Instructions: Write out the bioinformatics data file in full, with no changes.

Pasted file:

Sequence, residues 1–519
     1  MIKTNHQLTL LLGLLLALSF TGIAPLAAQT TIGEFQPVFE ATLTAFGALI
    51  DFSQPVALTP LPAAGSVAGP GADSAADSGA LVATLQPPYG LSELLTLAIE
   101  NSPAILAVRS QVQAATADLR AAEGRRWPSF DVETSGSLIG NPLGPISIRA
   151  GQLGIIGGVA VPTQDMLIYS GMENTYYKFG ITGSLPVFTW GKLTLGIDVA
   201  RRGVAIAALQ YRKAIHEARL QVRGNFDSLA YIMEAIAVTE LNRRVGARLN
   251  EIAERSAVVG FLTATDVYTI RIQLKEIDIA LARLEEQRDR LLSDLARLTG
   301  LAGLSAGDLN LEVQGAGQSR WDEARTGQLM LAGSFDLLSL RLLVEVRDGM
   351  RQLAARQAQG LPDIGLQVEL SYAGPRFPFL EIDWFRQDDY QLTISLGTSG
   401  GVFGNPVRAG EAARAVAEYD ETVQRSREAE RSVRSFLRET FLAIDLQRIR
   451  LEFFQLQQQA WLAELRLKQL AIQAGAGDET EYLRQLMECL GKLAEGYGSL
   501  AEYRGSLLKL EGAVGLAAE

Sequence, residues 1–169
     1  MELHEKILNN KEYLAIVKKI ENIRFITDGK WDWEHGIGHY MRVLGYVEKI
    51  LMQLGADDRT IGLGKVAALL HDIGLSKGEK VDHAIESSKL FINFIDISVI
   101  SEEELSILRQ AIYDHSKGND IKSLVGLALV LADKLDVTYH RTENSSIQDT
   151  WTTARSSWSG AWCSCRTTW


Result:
Sequence, residues 1–519
     1  MIKTNHQLTL LLGLLLALSF TGIAPLAAQT TIGEFQPVFE ATLTAFGALI
    51  DFSQPVALTP LPAAGSVAGP GADSAADSGA LVATLQPPYG LSELLTLAIE
   101  NSPAILAVRS QVQAATADLR AAEGRRWPSF DVETSGSLIG NPLGPISIRA
   151  GQLGIIGGVA VPTQDMLIYS GMENTYYKFG ITGSLPVFTW GKLTLGIDVA
   201  RRGVAIAALQ YRKAIHEARL QVRGNFDSLA YIMEAIAVTE LNRRVGARLN
   251  EIAERSAVVG FLTATDVYTI RIQLKEIDIA LARLEEQRDR LLSDLARLTG
   301  LAGLSAGDLN LEVQGAGQSR WDEARTGQLM LAGSFDLLSL RLLVEVRDGM
   351  RQLAARQAQG LPDIGLQVEL SYAGPRFPFL EIDWFRQDDY QLTISLGTSG
   401  GVFGNPVRAG EAARAVAEYD ETVQRSREAE RSVRSFLRET FLAIDLQRIR
   451  LEFFQLQQQA WLAELRLKQL AIQAGAGDET EYLRQLMECL GKLAEGYGSL
   501  AEYRGSLLKL EGAVGLAAE

Sequence, residues 1–169
     1  MELHEKILNN KEYLAIVKKI ENIRFITDGK WDWEHGIGHY MRVLGYVEKI
    51  LMQLGADDRT IGLGKVAALL HDIGLSKGEK VDHAIESSKL FINFIDISVI
   101  SEEELSILRQ AIYDHSKGND IKSLVGLALV LADKLDVTYH RTENSSIQDT
   151  WTTARSSWSG AWCSCRTTW